Why LDL is Not Enough: The Tests Your Doctor is Missing to Assess Your Risk of Heart Disease | Know Your Numbers

Episode 856 1h 59m


Heart disease is the world's leading cause of death. For years, the diet-heart hypothesis, which centers on high cholesterol as the primary culprit, has dominated the medical discourse. But now, we're beginning to appreciate the complexity and nuance of how the outer workings of our environment influence the inner workings of our physiology and risk for heart disease.

In today’s episode of a new series I’m calling Know Your Numbers, I deep dive into the Functional Medicine approach to assessing cardiovascular risk and why this is key to preventing and, in some cases, reversing cardiovascular disease. You can test your cardiovascular risk with Function Health, a company I co-founded. It has been a lifelong dream for me. Function is the first-ever membership that includes 100+ lab tests and personalized insights from globally renowned doctors based on your results. Join Function at FunctionHealth.com.

Recommended Diagnostics

Comprehensive lipid testing

  • Total cholesterol
  • Triglycerides
  • HDL
  • LDL
  • Apolipoprotein B (ApoB)
  • Lipoprotein fractionation (NMR)
  • Lipoprotein A
Metabolic labs
  • Insulin
  • Glucose
  • HbA1c
Additional labs
  • hs-CRP
  • Kidney
  • Liver
  • Hormones
  • Uric acid
  • oxLDL, f2 isoprostane
  • LpPLA2
  • MPO
AI-enhanced CT angiograms, imaging tests (preventative)
  • Carotid ultrasound
  • CT Coronary Angiogram
  • CT Coronary Artery Calcium Score
  • Cleerly Scan
Advanced tests
  • Lipid genetics: GB Insights
    • Familial Hypercholesterolemia
    • Lean Mass Hyperresponder / Hypercholesterolemia
  • Biomarkers of excess cholesterol production in the liver or absorption of cholesterol from the gut
Normal vs. Optimal Reference Ranges Total Cholesterol
  • “Normal”: < 200 mg/dL
  • Optimal: < 180 mg/dL
  • Conventional:
    • 0-149 mg/dL (“Normal”)
  • Functional Medicine :
    • <70 mg/dL (Optimal)
    • > 100 mg/dL (insulin resistance)
    • > 150 mg/dL (concerning)
    • > 300 mg/dL (severe, requires aggressive treatment with diet, lifestyle, and sometimes medication)
  • Conventional Medicine (“Normal”): ≧ 40 mg/dL (men); ≧ 50 mg/dL (women)
  • Functional Medicine (Optimal): > 60 mg/dL
  • Conventional Medicine (“Normal”): < 100 mg/dL
  • Functional Medicine (Optimal): < 70 mg/dL
    • Need to look at the number and size of LDL cholesterol particles (lipoprotein fractionation) to determine if cholesterol is atherogenic or benign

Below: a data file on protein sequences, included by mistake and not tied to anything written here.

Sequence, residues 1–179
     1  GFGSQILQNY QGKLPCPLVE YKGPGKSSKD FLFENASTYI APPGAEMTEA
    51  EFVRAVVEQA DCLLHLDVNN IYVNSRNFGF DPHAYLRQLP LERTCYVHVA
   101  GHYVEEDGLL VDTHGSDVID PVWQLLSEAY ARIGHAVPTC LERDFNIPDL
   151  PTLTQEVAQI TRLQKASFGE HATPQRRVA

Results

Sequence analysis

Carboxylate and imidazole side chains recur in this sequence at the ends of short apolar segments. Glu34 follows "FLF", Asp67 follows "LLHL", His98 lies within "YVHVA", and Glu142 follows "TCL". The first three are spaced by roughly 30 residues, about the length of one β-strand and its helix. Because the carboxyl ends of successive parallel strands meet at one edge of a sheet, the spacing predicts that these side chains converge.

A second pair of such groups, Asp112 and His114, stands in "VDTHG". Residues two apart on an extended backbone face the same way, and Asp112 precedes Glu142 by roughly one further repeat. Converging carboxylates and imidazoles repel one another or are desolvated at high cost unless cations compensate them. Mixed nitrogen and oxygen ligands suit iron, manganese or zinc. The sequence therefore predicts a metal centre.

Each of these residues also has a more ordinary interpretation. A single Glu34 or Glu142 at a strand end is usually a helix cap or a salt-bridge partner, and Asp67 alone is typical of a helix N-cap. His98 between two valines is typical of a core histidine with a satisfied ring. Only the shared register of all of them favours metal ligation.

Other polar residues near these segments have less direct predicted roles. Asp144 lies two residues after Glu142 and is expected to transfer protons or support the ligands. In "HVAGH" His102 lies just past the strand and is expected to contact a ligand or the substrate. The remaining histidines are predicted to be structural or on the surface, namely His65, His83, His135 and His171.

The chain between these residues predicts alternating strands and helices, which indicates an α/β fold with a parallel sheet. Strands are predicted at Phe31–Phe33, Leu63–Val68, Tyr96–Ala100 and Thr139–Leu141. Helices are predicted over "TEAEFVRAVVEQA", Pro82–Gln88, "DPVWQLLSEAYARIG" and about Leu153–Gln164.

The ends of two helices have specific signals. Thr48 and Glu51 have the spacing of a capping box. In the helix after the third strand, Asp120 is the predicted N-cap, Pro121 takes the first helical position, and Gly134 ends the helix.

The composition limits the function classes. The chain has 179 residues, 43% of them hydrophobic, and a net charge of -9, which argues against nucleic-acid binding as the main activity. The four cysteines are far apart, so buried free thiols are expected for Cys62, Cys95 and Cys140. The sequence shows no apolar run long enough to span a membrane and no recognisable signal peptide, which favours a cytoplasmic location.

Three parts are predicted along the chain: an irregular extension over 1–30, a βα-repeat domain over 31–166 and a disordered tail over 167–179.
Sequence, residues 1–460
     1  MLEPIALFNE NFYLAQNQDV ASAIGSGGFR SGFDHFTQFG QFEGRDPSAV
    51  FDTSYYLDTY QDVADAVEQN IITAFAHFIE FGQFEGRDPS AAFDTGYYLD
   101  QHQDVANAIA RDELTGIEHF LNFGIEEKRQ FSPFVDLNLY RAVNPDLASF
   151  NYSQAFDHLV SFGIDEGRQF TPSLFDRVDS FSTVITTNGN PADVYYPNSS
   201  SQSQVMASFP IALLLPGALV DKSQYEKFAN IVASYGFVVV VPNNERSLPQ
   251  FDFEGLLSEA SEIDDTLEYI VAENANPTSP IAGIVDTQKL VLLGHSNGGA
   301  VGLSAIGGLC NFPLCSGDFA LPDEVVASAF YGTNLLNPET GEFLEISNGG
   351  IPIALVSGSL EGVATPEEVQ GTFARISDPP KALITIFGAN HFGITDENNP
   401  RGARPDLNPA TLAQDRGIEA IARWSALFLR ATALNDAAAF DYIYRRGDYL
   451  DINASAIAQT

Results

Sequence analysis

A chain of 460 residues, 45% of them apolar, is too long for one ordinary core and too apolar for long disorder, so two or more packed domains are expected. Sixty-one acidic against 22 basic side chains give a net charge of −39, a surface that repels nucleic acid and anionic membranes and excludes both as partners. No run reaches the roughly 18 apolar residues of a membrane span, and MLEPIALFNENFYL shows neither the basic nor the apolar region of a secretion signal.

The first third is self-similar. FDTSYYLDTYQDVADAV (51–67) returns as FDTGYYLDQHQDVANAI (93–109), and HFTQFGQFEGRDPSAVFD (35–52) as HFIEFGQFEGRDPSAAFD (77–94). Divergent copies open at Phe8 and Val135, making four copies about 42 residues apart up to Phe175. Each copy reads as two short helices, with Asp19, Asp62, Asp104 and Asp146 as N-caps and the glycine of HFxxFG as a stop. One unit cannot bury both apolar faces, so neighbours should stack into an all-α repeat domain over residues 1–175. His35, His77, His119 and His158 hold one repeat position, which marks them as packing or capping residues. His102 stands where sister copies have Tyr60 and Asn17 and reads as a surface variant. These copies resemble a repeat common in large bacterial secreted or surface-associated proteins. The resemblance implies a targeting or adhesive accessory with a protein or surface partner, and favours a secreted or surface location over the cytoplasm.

• Conventional Medicine (“Normal”): 20 - 90 mg/dL; risk increases the most > 120 mg/dL
    • Functional Medicine (Optimal): 40 - 70 mg/dL
      • Those with pre-existing heart disease < 50 mg/dL
      • < 30 mg/dL indicator of other health issues (same as low cholesterol)
  • If your LDL is high and your ApoB is low, your risk of heart disease is low
  • If your LDL is normal or low and your ApoB is high, your risk of heart disease is high
  • Should be < 1,000
LDL Small
  • 0-100 nmol/L
LDL Medium
  • Optimal: < 215 nmol/L
  • Moderate: 215-301 nmol/L
  • High: > 301 nmol/L
HDL LARGE PARTICLES Optimal Reference Range
  • > 6729 nmol/L
  • Pattern A is optimal:
    • Pattern A is bigger, more buoyant, usually not associated with heart disease
  • Pattern B is a risk marker:
    • Pattern B is smaller and denser particles, which are atherosclerotic risk markers
  • Studies have shown varying risks for CAD and other CVDs at different Lp(a) cutoff points
  • Generally, the lower, the better (< 20)
    • Risk varies with age
    • Risk is higher in individuals with lower Lp(a) levels and smaller apo(a) isoforms
  • Conventional Medicine (“Normal”): <130 mg/dL
  • Functional Medicine (Optimal): 100 mg/dL or lower
  • Ideally, it should be 1:1


This episode is brought to you by AG1, Sweetgreen, and Open. The Doctor’s Farmacy podcast works with a select group of sponsors to allow for ongoing production and allow it to be zero-cost to anyone who wishes to listen to and watch the podcast.

Topics Covered

  • Prevalence of cardiovascular disease and heart attacks


  • Why conventional medicine misses the mark in assessing and treating cardiovascular disease risk and “high” cholesterol


  • The testing you should be getting to assess cardiovascular risk


  • The major root causes of heart disease


  • Cholesterol: What is it and how is it related to heart disease?


  • Insulin resistance and heart disease


  • Total cholesterol, triglycerides, HDL, LDL cholesterol, and other relevant biomarkers


  • Root causes of suboptimal biomarkers


  • Additional diagnostic testing


  • Diet, lifestyle, and supplements for reducing cardiovascular risk


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Host & Guests


Automatically generated. Please forgive any typos or errors in the following transcript. It was generated by a third party and has not been subsequently reviewed by our team.

Dr. Mark Hyman:
Coming up on this week's episode of the Doctor's Farmacy, primarily today, the major root cause aside from some of these inherited genetic lipid disorders for heart disease, and that's insulin resistance, prediabetes and diabetes. And this requires a more nuanced, personalized diet and lifestyle treatment.
Welcome to Doctor's Farmacy. I'm Dr. Mark Hyman, and this is a place for conversations that matter. And today we're diving into our special episode in my podcast series called Know Your Numbers designed to help you understand how your body works, what your own lab and biological data mean through lens of systems biology and functional medicine, which is the science of creating health. And today we're taking a deep dive into the numbers that matter to assess and..

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Ep. 856 - Why LDL is Not Enough: The Tests Your Doctor is Missing to Assess Your Risk of Heart Disease | Know...